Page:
Search Images Maps Play YouTube News Gmail Drive More »
Sign in
Screen reader users: click this link for accessible mode. Accessible mode has the same essential features but works better with your reader.

Patents

  1. Advanced Patent Search
Publication numberUS7410907 B2
Publication typeGrant
Application numberUS 11/095,071
Publication dateAug 12, 2008
Filing dateMar 31, 2005
Priority dateMar 31, 2005
Fee statusPaid
Also published asUS20060228896, US20080284028
Publication number095071, 11095071, US 7410907 B2, US 7410907B2, US-B2-7410907, US7410907 B2, US7410907B2
InventorsDennis S. Greywall
Original AssigneeLucent Technologies Inc.
Export CitationBiBTeX, EndNote, RefMan
External Links: USPTO, USPTO Assignment, Espacenet
Fabricating integrated devices using embedded masks
US 7410907 B2
Abstract
A method of fabricating a device using a multi-layered wafer that has an embedded etch mask adapted to map a desired device structure onto an adjacent (poly)silicon layer. Due to the presence of the embedded mask, it becomes possible to delay the etching that forms the mapped structure in the (poly)silicon layer until a relatively late fabrication stage. As a result, flatness of the (poly)silicon layer is preserved for the deposition of any necessary over-layers, which substantially obviates the need for filling the voids created by the structure formation with silicon oxide.
Images(20)
Previous page
Next page
Claims(15)
1. A method of fabricating an integrated device, comprising:
(A) forming first and second embedded masks in a multi-layer wafer, each of said masks in contact with one or more layers of the wafer, wherein (i) the first embedded mask is in contact with a first layer of the wafer and (ii) the second embedded mask is in contact with a second different layer of the wafer; and
(B) etching, using a first etchant, a portion of the first layer and a portion of the second layer from the wafer, wherein:
the first embedded mask protects one or more other portions of the first layer from being removed by the first etchant during the etching;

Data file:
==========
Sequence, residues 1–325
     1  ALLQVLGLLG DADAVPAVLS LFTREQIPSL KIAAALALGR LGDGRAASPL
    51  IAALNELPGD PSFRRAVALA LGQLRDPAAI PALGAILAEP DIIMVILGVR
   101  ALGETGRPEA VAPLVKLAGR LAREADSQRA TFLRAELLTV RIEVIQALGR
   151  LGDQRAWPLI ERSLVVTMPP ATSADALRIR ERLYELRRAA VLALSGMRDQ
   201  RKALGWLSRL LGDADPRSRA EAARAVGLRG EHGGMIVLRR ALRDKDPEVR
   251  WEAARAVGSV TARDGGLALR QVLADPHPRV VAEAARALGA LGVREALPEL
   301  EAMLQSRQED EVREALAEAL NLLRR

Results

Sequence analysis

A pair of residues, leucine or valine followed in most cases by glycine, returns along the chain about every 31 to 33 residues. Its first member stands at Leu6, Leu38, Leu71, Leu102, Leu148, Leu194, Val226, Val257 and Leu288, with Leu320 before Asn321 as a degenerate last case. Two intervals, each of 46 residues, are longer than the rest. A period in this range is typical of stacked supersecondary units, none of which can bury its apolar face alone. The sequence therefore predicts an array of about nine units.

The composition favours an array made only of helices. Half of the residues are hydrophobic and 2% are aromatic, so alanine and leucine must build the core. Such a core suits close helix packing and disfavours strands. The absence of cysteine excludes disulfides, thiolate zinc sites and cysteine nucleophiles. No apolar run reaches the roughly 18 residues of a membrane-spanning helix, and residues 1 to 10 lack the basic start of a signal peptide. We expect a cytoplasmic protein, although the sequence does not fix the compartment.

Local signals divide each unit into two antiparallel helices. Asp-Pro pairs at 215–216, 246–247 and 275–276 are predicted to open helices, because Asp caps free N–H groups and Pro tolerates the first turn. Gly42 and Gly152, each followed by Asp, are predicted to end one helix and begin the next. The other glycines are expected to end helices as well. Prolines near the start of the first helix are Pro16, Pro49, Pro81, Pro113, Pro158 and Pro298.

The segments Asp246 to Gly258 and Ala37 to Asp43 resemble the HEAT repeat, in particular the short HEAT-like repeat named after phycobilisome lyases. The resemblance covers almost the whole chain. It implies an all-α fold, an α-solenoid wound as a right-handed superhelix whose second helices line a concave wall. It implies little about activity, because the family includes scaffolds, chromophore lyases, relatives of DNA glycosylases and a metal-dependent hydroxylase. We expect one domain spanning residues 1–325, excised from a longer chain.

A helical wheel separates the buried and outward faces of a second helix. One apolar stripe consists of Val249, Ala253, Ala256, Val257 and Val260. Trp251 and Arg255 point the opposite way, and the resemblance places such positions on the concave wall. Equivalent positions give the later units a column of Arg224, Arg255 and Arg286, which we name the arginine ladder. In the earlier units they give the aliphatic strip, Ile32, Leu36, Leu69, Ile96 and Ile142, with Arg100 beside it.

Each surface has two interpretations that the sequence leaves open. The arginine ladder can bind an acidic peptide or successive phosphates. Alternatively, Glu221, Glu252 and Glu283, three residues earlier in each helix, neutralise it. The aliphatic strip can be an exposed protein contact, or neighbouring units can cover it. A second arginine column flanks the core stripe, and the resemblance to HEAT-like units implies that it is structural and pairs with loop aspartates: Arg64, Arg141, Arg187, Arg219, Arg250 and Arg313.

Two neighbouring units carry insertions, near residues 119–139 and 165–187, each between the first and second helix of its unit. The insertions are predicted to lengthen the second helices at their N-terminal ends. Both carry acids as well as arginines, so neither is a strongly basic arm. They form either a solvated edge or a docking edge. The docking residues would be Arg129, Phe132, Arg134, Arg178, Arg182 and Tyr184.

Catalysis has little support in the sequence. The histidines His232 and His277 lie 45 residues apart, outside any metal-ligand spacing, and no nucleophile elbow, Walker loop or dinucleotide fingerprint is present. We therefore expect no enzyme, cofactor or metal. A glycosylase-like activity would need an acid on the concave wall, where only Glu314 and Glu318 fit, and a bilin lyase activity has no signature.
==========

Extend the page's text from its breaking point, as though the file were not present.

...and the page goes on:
the second embedded mask protects one or more other portions of the second layer from being removed by the first etchant during the etching; and
the first etchant is capable of removing material of the portions being protected by the first and second embedded masks.
2. The invention of claim 1, further comprising removing at least one of the first and second embedded masks from the wafer after performing the etching.
3. The invention of claim 1, wherein step (A) comprises:
(A1) forming the first mask over the first layer of the wafer; and
(A2) depositing a cover layer over the first mask and the first layer to embed the first mask into the wafer.
4. The invention of claim 3, wherein step (B) comprises front-side etching, wherein the first embedded mask protects portions of the first layer from being removed.
5. The invention of claim 3, wherein step (B) comprises backside etching, wherein the first embedded mask protects portions of the cover layer from being removed.
6. The invention of claim 3, wherein the first mask comprises silicon oxide and each of the first and cover layers comprises silicon.
7. The invention of claim 3, wherein at least one of the first and cover layers has a thickness of at least about 10 μm.
8. The invention of claim 1, wherein:
the wafer comprises a substrate layer and a plurality of layers deposited over the substrate layer; and
step (B) comprises creating an opening in the substrate layer to expose at least one of the first and second embedded masks.
9. The invention of claim 1, wherein step (B) comprises subjecting the wafer to dry etching, wherein at least one of the first and second embedded masks acts as an etch stop for the dry etch.
10. The invention of claim 1, wherein each of the first and second embedded masks is adapted to map a corresponding structure onto at least one of the one or more corresponding contact layers and step (B) comprises forming the mapped structures.
11. The invention of claim 10, wherein the formed structure defines a via having an aspect ratio of about 5:1 or greater.
12. The invention of claim 10, further comprising releasing at least one of the formed structures to make said structure movable with respect to the other formed structure.
13. The invention of claim 10, wherein:
the first embedded mask maps a first structure located at a first offset distance from a substrate; and
the second embedded mask maps a second structure located at a different second offset distance from the substrate.
14. The invention of claim 13, wherein:
the first structure is a first comb-shaped portion of a comb drive; and
the second structure is a second comb-shaped portion of the comb drive, said first and second comb-shaped portion being interleaved with one another.
15. The invention of claim 1, wherein step (A) comprises:
(A1) forming the first embedded mask over a substrate;
(A2) forming the second embedded mask over the substrate such that the first embedded mask is interposed between the second embedded mask and the substrate; and
(A3) depositing a layer that buries the second embedded mask, wherein the first and second masks have different patterns.
Description

The U.S. Government has a paid-up license in this invention and the right in limited circumstances to require the patent owner to license others on reasonable terms as provided for the terms of Contract No HR0011-04-C-0048 awarded by Coherent Communications Imaging and Targeting—Defense Advanced Research Projects Agency (CCIT-DARPA).